Q. What would you change?
A. We could strengthen women's rights; we need to recognize same-sex marriage... But the real issue is the way the state is structured. For example, one of the things we have talked about a lot is what we call the autonomous regions in the Constitution. To what extent does referring explicitly to Catalonia in the Constitution alongside the other autonomous regions have a certain symbolic value? It does for me. It was one of the reforms I proposed. Secondly, it is also clear that the financing of the regions needs to be addressed in the Constitution. Thirdly, we could improve the way power has been devolved to the regions. And finally, the big question: can we recognize singularities? Can we recognize the right to be different without this meaning different rights?
Q. Does that mean recognizing Catalonia's individuality in the Constitution?
A. I believe it does. And not just Catalonia, but all regions with individuality.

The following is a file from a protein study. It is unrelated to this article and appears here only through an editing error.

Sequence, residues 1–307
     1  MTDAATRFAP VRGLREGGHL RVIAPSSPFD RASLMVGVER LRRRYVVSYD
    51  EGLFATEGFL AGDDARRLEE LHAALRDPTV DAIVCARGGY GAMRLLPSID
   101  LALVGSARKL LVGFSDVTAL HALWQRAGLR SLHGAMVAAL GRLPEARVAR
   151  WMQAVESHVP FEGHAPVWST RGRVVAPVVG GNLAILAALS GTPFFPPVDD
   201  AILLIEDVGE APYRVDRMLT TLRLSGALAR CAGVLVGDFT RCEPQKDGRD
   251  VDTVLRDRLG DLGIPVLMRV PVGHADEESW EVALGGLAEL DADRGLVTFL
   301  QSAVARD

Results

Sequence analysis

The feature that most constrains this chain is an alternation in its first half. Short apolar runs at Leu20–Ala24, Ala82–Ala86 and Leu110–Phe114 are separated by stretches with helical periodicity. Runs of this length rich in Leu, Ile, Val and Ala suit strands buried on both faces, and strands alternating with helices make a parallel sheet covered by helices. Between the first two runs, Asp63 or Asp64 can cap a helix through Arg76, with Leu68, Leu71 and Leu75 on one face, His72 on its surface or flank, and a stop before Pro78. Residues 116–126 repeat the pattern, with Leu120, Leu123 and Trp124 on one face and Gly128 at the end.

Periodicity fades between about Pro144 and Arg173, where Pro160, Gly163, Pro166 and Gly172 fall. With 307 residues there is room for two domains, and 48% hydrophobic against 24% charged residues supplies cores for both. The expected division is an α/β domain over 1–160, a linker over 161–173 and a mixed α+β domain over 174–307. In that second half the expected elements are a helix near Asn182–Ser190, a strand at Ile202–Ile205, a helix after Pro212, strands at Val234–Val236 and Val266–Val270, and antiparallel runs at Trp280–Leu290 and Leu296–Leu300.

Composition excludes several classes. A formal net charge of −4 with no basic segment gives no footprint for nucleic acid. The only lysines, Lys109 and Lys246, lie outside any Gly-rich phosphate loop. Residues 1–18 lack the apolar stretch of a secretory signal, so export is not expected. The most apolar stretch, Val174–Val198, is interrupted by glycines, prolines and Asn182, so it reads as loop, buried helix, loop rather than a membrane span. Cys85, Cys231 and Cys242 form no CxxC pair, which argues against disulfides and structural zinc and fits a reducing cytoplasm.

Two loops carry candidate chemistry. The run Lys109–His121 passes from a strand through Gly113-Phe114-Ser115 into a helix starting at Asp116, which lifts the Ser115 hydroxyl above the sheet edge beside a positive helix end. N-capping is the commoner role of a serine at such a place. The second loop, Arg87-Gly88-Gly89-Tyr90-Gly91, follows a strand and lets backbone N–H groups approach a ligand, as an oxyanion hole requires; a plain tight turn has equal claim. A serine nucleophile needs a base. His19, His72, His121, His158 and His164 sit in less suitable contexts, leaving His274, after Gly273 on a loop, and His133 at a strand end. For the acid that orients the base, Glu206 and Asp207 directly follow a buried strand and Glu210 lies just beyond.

Q. There are many individualities in Spain...
A. In terms of specific laws for the regions, much less so. There is room to recognize individualities. The question is how to get talks going between the Popular Party and Catalonia's CiU. One area that limits reform of the Constitution is the constant round of elections in Spain. The question is whether we can have a debate on reforming the Constitution without it becoming an electoral issue. Because any party that proposes it, as mine did, simply becomes tangled up in politics. I was told by the opposition leader half-an-hour after my investiture speech in 2004, when I proposed cross-party debate on constitutional reform, that he and his party would not support me.
Q. How important is it to change the law regarding the rights of succession of female members of the royal family?
A. This has to be done.
The monarchy has always seemed to me neutral within a democratic society"